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Secondary Stress and Constituent Structure

English is a language with primary and secondary stress, which means that words typically have one and only one syllable with a strongly individuated stress (primary stress) but may also have syllables with weaker stress (secondary stress). The longer the word, the more likely is the incidence of secondary stress. Thus a word like disestablishmentarianism (which The Oxford English Dictionary Online defines as ‘advocacy of disestablishment’ and qualifies by noting “usu. only as a factitious long word”) is pronounced with one primary stress (on the sixth syllable) and one secondary stress (on the third syllable) sensu stricto, the remaining eight syllables being unstressed.

Whether a word has constituent structure (= has more than one identifiable semantic or morphological element) may play a role in assigning a secondary stress to one of the syllables, but need not. Thus agentives in {-er/-or} like writer, prestidigitator, etc.––regardless of length––all treat this derivational suffix as being unstressed, i. e., bearing no secondary stress. On the other hand, in the contemporary speech of American adolescents––and of younger speakers of American English generally––a common word like student is increasingly to be heard with a clear secondary stress on the element [-ent], which is completely at variance with the traditional norm. This change may be due to the conceivable reconstrual of this element as a suffix, since the base [stud-] also occurs in study and studious, thereby lending plausibility to the analysis of student as having a constituent structure. Note, moreover, that no other interpretation can explain the emergence of secondary stress in this word as a change in contemporary American English pronunciation.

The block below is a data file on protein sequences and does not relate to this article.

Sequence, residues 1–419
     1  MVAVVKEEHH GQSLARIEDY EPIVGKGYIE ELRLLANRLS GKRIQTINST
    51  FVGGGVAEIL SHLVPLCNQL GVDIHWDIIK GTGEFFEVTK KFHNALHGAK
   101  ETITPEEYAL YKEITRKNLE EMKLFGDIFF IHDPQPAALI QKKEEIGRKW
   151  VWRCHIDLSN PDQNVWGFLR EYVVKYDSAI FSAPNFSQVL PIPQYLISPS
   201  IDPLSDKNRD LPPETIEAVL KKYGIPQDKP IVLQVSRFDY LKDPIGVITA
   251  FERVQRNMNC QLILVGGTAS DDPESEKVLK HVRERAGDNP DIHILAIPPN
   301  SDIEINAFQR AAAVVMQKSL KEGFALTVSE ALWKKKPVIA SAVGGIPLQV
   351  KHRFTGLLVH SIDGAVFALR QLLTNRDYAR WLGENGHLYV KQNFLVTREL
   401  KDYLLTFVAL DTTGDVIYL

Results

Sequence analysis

Why such a secondary stress does not also emerge in agentives in {-er/-or} may be due to the fact of the difference in length between post-tonic elements. If we regard {-ent} as an emergent morphological constituent (suffix) as a result of, or concomitant with, its being assigned secondary stress by younger speakers, then the fact of its having three sounds rather than two (by comparison with {-er/-or}) may be the threshold for such a change. This analysis would be wholly consistent with the general situation in English (and language in general), whereby suprasegmental (prosodic) features like stress are invariably dependent on the segmental structure, including the derivational morphology of words.

MICHAEL SHAPIRO

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